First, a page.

On Learning the Craft and Finding Her Story
Julia Claiborne Johnson didn’t start writing her first novel till she was fifty years old, but she started learning how to do it decades before.
Working for Mademoiselle magazine in her twenties reading roughly 10,000 manuscript submissions per year, out of which “It was really hard to find twelve we could publish,” she learned that “beautiful prose but no story” wasn’t enough to sustain fiction.
Ten years of writing freelance and on staff for publications like Mademoiselle, Glamour, and Good Housekeeping taught her to work on deadline, be dependable, and write fast.
Wanting to learn to “recognize the patterns” of novel writing, and having read an anecdote about author Richard Yates (Revolutionary Road), who painstakingly typed out the entire text of The Great Gatsby to internalize how to write a novel, Julia analyzed three novels, writing down in a notebook every single event on every page of each story.
Among other things, the exercise taught her that “the last sentence and the first sentence of chapters had to really matter,” when she found herself staying up late into the night propelled from chapter to chapter.
She also identified what spoke to her as a reader, and what kind of stories she wanted to write: “I wanted people to laugh, and I wanted them to keep going, and then I wanted them to cry.” And she learned she disliked “boring books that take forever with nothing happening.”
Finally, after years of writing other people’s stories, Julia got the first glimmer of a story idea of her own that grew into her debut novel, Be Frank with Me.
Three years later she completed a first draft, writing only while her kids were in school. “My time was limited, but that was good b/c it focused my mind–I couldn’t waste time.”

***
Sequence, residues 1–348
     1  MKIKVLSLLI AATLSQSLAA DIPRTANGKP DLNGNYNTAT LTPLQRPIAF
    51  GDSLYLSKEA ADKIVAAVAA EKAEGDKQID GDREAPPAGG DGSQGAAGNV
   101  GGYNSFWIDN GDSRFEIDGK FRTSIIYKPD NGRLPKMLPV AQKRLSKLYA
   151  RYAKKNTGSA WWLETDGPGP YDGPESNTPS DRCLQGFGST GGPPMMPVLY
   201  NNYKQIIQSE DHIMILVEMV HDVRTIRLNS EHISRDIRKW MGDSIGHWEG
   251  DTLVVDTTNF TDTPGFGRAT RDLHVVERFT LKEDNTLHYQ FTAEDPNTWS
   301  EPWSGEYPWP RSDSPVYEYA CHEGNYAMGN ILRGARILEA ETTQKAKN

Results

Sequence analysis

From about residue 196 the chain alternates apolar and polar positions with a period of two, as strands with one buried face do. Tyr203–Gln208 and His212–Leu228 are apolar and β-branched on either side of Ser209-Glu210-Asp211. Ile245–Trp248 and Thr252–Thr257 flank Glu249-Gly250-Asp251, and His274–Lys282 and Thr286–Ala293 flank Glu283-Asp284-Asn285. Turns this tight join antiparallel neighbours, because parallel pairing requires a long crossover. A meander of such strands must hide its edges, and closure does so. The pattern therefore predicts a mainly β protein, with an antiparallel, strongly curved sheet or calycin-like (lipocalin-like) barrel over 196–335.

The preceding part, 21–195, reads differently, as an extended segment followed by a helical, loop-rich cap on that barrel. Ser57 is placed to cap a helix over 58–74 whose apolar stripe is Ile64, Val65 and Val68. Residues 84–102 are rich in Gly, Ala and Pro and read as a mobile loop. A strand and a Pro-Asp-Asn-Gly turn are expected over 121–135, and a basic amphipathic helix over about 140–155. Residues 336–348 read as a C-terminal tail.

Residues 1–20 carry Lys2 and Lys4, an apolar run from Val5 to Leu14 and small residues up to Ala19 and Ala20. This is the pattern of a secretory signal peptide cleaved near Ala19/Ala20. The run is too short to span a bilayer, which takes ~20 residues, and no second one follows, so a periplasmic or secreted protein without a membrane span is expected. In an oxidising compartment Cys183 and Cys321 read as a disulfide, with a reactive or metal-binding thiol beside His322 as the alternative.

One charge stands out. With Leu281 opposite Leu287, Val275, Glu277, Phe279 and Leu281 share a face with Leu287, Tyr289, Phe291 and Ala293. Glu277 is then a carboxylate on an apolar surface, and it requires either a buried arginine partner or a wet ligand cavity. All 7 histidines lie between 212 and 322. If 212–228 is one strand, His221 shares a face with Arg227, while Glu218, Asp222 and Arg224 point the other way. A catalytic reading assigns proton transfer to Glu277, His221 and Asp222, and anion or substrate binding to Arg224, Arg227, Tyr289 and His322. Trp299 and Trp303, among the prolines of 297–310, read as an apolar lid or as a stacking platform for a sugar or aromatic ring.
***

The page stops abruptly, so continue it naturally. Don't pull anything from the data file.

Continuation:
In fact no sooner had she typed “the end” than she sent out her first query—to her dream agent, expecting not to hear back for six months, if at all, during which time she could polish the manuscript. Yet the very next morning she had a reply from the agent, wanting to see the rest.
A week later the agent offered representation and said she would start sending the manuscript out on submission the next day, telling Julia, “It’s going to sell in a week.”
But it didn’t sell.
If at First You Don’t Succeed…Revise
Julia dived into revisions on the story for the next two years (“because it was a first draft—I needed to work through the plot”), but finally she and her agent submitted again—and this time it did sell in a week, Be Frank with Me becoming an LA Times bestseller and an American Booksellers Association adult debut honor book.
Theoretically you’d think that would make the next book a piece of cake. But when Julia turned in her follow-up story—Better Luck Next Time, about a 1930s divorce ranch in Reno, based in part on real-life history in her family—her editor initially didn’t want to buy the book.
So Julia went back to the beginning and completely rewrote the story, and this time her editor loved it—or at least the prologue. “She hated the rest of it,” Julia says. “I also loved the prologue and hated the rest of it, so she wasn’t wrong.”